“…Your rulers are rebels, partners with thieves; they all love bribes and chase after gift…” –Isaiah 1:23
Nearly eight years ago, I wrote several articles questioning the amnesty then-President Benigno S. Aquino III granted to Senator Antonio Trillanes IV. Given Aquino’s popularity at the time, nobody paid attention to the matter; times have changed and it is time to look back.
On October 13, 2010, I wrote: “Proclamation No. 50, dated October 11, 2010, on the amnesty granted by President Aquino to Sen. Antonio Trillanes IV and other military men accused in the Oakwood Mutiny contained the following significant section: ‘Section 5. Effectivity – This Proclamation shall take effect immediately upon the signing thereof.’… But, under Section 19, Art. VII of the 1987 Constitution, we find the following mandatory provision: ‘Section 19… He shall also have the power to grant amnesty with the concurrence of a majority of all the Members of the Congress’… There is a clear conflict here between what the proclamation provides and what the Constitution stipulates. The rule is that, when there is a conflict between the Constitution and any law or proclamation, the law is invalid and the Constitution must prevail.”
So the amnesty is invalid then?
Amnesty was inappropriate
On October 1, 2010, I wrote: “I am for finding out the truth about the Oakwood Mutiny and the Peninsula Siege but I really do not conform to proposals, coming from our honorable senators, seeking the grant of amnesty to Sen. Antonio Trillanes IV and others involved in the two incidents over which they have been charged with, and are being tried for, rebellion… Amnesty presupposes blotting out the guilt of the recipient with an act of pardon by the President of the Republic. In the cases against Trillanes and company, however, this guilt has not been established, and is in fact the subject of trial, albeit a long and protracted trial already. How could amnesty be given now when, precisely, Trillanes and company are saying they are not guilty of anything?”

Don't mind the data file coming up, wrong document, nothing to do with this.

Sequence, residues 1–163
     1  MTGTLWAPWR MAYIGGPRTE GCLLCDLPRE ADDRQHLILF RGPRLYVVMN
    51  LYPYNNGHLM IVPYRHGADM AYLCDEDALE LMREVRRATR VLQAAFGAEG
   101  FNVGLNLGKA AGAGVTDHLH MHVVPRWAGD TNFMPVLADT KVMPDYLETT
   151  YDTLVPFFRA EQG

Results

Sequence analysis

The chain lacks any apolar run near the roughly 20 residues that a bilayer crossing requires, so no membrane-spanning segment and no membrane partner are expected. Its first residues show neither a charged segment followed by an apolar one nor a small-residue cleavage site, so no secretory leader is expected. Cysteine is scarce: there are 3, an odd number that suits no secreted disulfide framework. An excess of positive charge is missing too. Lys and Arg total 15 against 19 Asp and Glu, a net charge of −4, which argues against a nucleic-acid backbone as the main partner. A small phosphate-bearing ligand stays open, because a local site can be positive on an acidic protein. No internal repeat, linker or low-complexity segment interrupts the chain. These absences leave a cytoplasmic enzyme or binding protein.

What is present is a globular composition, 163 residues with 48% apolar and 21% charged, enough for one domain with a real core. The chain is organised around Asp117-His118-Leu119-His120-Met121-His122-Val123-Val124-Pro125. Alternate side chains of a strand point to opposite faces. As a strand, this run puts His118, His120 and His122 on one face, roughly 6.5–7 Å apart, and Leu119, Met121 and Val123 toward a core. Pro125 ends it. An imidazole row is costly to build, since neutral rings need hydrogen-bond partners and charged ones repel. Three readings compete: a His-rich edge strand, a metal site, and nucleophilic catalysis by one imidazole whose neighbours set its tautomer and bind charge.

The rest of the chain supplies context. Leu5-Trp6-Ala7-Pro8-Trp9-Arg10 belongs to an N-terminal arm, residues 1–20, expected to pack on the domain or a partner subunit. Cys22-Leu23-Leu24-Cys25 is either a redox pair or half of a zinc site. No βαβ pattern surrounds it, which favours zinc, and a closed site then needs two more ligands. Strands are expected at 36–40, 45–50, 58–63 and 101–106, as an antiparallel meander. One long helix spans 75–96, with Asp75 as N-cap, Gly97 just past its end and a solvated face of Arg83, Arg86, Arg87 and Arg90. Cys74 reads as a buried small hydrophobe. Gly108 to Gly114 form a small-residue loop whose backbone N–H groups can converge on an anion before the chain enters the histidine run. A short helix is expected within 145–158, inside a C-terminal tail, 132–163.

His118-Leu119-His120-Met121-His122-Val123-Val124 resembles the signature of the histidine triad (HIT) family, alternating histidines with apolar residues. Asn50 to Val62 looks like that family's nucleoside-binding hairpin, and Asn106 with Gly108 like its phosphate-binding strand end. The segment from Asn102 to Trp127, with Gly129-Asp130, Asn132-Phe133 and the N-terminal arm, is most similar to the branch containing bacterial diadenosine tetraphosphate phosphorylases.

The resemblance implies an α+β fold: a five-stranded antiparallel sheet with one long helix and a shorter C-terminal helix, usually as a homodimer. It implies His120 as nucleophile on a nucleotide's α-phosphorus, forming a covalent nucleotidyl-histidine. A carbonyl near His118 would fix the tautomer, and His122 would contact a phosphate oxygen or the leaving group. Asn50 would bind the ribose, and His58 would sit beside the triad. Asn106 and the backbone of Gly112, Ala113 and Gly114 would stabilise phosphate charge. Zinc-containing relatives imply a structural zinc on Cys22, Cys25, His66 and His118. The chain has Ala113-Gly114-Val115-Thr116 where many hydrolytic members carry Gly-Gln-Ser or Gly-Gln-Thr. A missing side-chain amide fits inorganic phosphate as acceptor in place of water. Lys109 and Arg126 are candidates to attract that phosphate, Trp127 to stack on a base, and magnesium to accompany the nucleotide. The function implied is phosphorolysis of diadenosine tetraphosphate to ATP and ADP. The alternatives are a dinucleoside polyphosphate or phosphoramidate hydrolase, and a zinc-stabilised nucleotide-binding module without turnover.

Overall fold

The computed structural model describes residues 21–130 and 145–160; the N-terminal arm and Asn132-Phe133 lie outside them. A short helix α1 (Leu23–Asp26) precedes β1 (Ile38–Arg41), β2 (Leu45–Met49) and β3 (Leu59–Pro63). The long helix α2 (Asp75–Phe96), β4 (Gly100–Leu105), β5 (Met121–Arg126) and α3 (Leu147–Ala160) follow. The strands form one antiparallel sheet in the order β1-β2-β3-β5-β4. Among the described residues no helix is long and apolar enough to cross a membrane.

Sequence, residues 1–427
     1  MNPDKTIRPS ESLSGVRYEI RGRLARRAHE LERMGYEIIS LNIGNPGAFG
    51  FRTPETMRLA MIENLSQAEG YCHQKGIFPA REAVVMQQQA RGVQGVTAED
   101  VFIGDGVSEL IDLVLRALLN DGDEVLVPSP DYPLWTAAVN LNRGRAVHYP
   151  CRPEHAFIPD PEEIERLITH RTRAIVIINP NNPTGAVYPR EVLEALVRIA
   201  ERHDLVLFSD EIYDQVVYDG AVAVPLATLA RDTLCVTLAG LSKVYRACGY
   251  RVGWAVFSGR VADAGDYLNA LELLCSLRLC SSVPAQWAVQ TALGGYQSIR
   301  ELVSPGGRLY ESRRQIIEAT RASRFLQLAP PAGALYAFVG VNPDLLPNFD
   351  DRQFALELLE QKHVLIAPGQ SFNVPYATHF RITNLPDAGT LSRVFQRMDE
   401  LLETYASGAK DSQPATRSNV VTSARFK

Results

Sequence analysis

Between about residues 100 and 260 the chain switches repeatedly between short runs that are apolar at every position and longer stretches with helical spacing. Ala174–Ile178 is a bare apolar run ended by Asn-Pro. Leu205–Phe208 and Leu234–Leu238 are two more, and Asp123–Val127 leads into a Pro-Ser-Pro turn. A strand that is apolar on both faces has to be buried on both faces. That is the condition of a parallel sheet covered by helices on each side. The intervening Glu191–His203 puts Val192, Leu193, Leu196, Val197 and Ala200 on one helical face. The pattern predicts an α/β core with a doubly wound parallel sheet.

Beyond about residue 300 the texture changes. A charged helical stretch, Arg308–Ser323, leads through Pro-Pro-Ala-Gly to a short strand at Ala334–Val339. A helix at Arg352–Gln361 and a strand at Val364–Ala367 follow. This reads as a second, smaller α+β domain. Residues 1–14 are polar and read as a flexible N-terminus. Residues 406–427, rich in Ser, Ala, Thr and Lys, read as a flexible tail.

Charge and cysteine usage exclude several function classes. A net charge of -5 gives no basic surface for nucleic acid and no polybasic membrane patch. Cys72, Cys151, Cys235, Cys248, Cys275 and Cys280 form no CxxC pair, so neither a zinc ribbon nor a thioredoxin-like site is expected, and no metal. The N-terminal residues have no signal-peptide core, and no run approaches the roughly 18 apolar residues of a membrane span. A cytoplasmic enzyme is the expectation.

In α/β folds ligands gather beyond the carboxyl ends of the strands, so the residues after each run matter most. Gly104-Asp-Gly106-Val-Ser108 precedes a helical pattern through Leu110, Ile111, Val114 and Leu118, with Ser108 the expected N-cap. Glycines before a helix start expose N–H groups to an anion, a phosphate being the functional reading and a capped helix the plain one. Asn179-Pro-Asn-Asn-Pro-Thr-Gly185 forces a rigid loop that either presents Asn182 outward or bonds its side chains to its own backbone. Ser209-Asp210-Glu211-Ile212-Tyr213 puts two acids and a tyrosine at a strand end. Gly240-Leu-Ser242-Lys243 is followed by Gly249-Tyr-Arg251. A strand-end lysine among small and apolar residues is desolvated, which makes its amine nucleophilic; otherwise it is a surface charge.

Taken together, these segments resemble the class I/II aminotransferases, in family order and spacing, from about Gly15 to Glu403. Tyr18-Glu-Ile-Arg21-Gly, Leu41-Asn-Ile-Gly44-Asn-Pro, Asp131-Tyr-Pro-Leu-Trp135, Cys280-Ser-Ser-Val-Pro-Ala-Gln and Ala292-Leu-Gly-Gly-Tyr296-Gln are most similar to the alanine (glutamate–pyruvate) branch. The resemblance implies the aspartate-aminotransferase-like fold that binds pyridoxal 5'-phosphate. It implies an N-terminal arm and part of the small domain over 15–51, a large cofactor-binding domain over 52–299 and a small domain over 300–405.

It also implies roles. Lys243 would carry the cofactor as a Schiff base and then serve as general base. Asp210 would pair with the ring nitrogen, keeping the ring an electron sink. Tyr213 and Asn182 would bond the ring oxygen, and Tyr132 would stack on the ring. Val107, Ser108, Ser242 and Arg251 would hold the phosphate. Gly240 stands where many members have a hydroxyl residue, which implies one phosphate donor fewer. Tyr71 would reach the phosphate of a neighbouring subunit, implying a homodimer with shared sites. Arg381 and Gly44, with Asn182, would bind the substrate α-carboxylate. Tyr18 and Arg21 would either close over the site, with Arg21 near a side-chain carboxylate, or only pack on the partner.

On July 22, 2010, I wrote about Trillanes.
“Can President Benigno Aquino III order a review of the rebellion cases of detained Sen. Antonio Trillanes IV? The answer is yes, he can, as the chief executive of government and the commander-in-chief of the Armed Forces of the Philippines… Under the 1987 Constitution, President Aquino as the chief executive enjoys a big grant of power and wide latitude in seeing to it that justice is done, and not simply that a person is accused of a crime, and it is within his perfect legal rights to order a review of any criminal case, even that which may already be pending in the courts. The same thing is true in his role as commander-in-chief… I just do not know why his spokesmen, and even those who are supposed to be in the know in his government as they are lawyers, are failing to explain that the President did not violate any law when he acted in the case of Trillanes… If this kind of inability to defend the President in media persists, it won’t be long before he will look like a villain – not because he really is a villain but because those who wanted him to look like a villain succeeded in doing so, and those whose obligation it is to defend him failed to do so.”
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